Saturday, October 14, 2017
Kahurangi lies on the north western corner of the South Island not far from our bach in Ngatimoti. So we decided it was definitely somewhere we wanted to visit whilst we were in the area. It is the second largest National Park in New Zealand and contains the most diverse flora and fauna of any of the National Parks. It is also one of the ones which is slightly less visited and we discovered why when trying to reach the car park.
Since we were not far from Motueka we entered the Park through the entrance near the Motueka river. Following the signs leads you to an unmade road and signs that warn you of steep slopes and dangerous driving conditions after rain. They also have these rather terrifying notices showing steep slopes and cars almost falling off the road. Very stern signs also warn of not attempting the road unless you have a 4x4.
As you climb through the mountain range the road does indeed get steeper and narrower and I began to worry about what exactly we would do if we met a car coming in the opposite direction! The idea of having to reverse down these precarious roads which were extremely narrow with steep drops on one side, did not appeal. Fifteen kilometres later, we emerged, very relieved, into a DOC carpark which was populated with several 4x4s and two very battered looking sedan cars. I have not idea how they made it up the road, since my own big 4x4 struggled on several of the slopes!
The rather traumatic drive is worth it to reach an untouched tropical rainforest in the clouds. I am sure the views would have been fantastic on a clearer day, but unfortunately we were walking through the clouds when we visited. This did however, provide an awesomely eerie atmosphere which really rather added to the whole experience.
We also met another very friendly Weka who was clearly used to being fed by many generous trampers.
We walked up through the forest to reach Aurthur's hut. A DOC hut which you can stay in overnight. It looks terrifically cosy and it must be amazing to wake up surrounded by wildlife and native forest. Its gone on our list of things to do next time!
Thursday, October 12, 2017
The Abel Tasman is New Zealand's smallest National Park but I believe it must be one of the most visited. We have been here before and had already discovered just how breathtaking the beaches are in this area. So it was with no hesitation that we decided to visit again and complete another section of the coastal tracks that weave along from beach to beach.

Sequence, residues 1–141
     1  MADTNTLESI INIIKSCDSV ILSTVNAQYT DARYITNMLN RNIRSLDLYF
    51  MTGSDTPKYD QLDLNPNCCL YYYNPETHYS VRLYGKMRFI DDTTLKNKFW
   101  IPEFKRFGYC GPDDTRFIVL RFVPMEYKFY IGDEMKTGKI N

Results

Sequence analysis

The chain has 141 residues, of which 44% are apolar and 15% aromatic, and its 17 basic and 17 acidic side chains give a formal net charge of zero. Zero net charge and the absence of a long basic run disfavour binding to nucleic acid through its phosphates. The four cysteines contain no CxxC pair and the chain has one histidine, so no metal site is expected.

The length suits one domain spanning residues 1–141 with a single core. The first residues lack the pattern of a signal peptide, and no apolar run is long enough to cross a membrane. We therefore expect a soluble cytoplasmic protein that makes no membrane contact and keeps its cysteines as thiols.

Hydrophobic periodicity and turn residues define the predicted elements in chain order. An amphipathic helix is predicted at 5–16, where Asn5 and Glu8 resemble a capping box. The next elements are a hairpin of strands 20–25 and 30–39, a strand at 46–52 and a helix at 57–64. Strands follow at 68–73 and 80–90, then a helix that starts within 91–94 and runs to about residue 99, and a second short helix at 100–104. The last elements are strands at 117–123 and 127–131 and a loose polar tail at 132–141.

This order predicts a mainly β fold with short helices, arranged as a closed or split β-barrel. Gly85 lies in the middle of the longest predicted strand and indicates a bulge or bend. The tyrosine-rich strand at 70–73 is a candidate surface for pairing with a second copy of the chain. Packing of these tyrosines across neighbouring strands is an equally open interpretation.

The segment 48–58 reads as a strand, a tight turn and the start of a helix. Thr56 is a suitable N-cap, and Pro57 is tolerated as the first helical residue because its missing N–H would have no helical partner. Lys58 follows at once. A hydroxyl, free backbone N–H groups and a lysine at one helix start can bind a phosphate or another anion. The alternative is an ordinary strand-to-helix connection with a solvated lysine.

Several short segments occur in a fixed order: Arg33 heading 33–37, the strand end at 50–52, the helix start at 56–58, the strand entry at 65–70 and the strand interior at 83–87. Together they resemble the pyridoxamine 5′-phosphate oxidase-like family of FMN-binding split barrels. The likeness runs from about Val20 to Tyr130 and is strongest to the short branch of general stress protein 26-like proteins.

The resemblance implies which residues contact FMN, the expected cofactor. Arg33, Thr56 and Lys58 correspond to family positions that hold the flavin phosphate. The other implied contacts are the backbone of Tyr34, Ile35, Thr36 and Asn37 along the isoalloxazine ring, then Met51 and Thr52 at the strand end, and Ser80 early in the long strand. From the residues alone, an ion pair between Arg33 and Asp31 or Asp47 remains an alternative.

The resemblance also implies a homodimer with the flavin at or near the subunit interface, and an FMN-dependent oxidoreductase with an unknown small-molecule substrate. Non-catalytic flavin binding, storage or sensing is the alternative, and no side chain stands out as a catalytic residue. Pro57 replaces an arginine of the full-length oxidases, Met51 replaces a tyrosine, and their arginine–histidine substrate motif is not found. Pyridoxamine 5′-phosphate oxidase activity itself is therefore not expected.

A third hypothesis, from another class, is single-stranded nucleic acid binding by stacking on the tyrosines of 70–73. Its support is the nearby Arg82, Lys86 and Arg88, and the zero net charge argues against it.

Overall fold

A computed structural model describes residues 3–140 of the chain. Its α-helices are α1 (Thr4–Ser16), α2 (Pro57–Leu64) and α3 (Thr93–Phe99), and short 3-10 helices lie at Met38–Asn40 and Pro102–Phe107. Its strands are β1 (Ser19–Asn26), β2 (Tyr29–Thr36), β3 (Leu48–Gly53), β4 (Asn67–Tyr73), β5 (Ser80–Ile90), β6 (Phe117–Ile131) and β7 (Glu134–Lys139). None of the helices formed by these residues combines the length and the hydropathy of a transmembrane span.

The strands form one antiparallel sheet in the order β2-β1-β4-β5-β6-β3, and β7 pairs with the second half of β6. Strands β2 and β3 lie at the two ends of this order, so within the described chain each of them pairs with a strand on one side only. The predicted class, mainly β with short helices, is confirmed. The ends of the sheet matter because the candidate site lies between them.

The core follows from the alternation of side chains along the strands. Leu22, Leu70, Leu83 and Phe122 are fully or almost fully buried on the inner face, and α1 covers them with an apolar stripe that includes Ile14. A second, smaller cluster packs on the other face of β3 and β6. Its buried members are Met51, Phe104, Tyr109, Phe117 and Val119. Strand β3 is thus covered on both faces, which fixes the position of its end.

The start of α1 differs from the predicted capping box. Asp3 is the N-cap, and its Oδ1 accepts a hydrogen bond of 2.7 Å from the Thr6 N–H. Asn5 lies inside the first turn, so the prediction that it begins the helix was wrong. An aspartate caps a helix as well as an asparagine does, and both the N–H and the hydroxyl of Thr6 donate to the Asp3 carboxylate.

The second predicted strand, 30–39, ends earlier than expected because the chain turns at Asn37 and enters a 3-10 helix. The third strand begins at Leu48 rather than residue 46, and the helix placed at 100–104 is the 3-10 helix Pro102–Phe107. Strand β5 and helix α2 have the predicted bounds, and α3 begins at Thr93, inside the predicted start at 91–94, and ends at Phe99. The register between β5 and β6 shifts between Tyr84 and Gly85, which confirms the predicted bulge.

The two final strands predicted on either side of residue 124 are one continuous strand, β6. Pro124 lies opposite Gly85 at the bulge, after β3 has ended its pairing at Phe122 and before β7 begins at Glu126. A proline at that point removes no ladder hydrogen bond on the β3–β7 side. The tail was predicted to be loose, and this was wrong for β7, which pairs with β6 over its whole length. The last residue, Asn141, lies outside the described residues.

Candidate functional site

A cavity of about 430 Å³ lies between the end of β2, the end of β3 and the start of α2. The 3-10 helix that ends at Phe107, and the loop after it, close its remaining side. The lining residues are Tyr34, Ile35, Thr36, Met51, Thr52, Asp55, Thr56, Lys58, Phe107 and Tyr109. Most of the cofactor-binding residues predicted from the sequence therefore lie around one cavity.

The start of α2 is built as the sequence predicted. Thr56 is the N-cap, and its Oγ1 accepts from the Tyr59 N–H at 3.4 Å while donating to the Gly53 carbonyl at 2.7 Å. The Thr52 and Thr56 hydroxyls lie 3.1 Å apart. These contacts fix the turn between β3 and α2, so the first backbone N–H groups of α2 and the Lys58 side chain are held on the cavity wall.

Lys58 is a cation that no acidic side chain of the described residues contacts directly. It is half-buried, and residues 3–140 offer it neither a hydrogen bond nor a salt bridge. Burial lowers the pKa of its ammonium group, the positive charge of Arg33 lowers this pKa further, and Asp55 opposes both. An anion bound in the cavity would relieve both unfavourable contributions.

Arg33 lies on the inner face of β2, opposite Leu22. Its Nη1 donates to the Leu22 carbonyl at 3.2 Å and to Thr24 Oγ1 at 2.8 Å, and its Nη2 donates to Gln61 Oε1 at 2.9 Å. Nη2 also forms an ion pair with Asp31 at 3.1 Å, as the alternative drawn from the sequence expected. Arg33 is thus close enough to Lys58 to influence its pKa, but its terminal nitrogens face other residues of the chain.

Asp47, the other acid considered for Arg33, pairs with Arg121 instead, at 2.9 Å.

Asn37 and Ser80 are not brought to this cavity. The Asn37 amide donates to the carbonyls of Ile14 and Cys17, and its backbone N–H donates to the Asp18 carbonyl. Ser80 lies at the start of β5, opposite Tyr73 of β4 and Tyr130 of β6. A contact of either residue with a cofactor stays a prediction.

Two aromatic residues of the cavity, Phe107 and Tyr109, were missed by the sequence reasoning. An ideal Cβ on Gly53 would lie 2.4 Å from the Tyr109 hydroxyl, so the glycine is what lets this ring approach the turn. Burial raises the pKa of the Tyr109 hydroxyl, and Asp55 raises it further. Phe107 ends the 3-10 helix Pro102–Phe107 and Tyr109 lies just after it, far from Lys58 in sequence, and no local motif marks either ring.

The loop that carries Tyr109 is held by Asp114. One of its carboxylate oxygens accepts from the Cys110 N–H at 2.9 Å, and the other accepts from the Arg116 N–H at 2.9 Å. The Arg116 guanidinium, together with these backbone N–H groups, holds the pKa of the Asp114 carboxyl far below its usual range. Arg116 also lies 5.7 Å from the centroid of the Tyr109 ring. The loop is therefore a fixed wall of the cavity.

The best and easiest method of reaching the tracks is by hoping on one of the ferries that go from Kaiteriteri and drop you at the beach of your request and will then pick you up from another beach later in the day. The ferries are frequent and give you an unrivalled view of the coast. The drivers of the ferry are also really informative (with a good sense of humour!) and took a detour during our trip as they spotted a school of dolphins. They also took us to view some seals on one of the outlying islands.
Although the tracks are well used you can still feel quite isolated at times and this allows you to meet the local wildlife. This Weka was clearly used to being fed by trampers.
He took a liking to our oaty bars and cheese sandwiches.
Bark bay was stunning on the day we crossed it and contains rather a nice looking DOC hut which we will remember next time and see if we can book!
It was even warm enough for a paddle.
It was a great location just to explore and mess around in whilst waiting for the ferry to come and pick us up,
I love the Abel Tasman and no doubt we will be back again one day. However, as with a lot of places increasingly in New Zealand, I wish it was a bit less popular. This makes me selfish and childish I suppose, I am just unwilling to share the outstanding natural beauty of this place with others. I worry that the large number of people visiting these areas is actually endangering them.
Apparently this is something that DOC (Department of Conservation) is also concerned about and are currently trying to develop a strategy that will still allow the country to benefit from the massive amount of Tourism that our natural beauty encourages but still manage to preserve these areas of national heritage and beauty for future generations.
Tuesday, October 10, 2017
Term 3 is always the most difficult term of the year. Running through the end of winter and the start of Spring the weather is unpredictable and often a bit dark and rough. Towards October the weather begins to improve and by the time we reach the school holidays we are all exhausted and in desperate need of the sun.
So this year we decided to head to the South Island (going on the InterIslander is always fun and makes it feel like the start of the holidays)! We booked the beautiful bach shown above in a small hamlet about 25 minutes outside Motueka called Ngatimoti. The bach was right next to the river and I spent most of the week trying in vain to get a good picture of the Kingfishers that spent their time hunting in the river.
On the first day we headed to Motueka and found this wreak on the beach. It was actually purposefully beached when it reached the end of its life and now provided a rather good photography spot.
The wreak also provides a home for rather a lot of wildlife and I was really pleased when I managed to catch the Heron shown below.
Our bach was in a lovely location and once the sun came out it was the perfect spot for a cup of tea and a spot of bird watching.
Kaiteriteri was about half an hours drive away and had some beautiful beaches.
I was successful in catching pictures of the Tui's but unfortunately the Kingfisher remained elusive.
So I gave up and took pictures of the stunning scenery instead.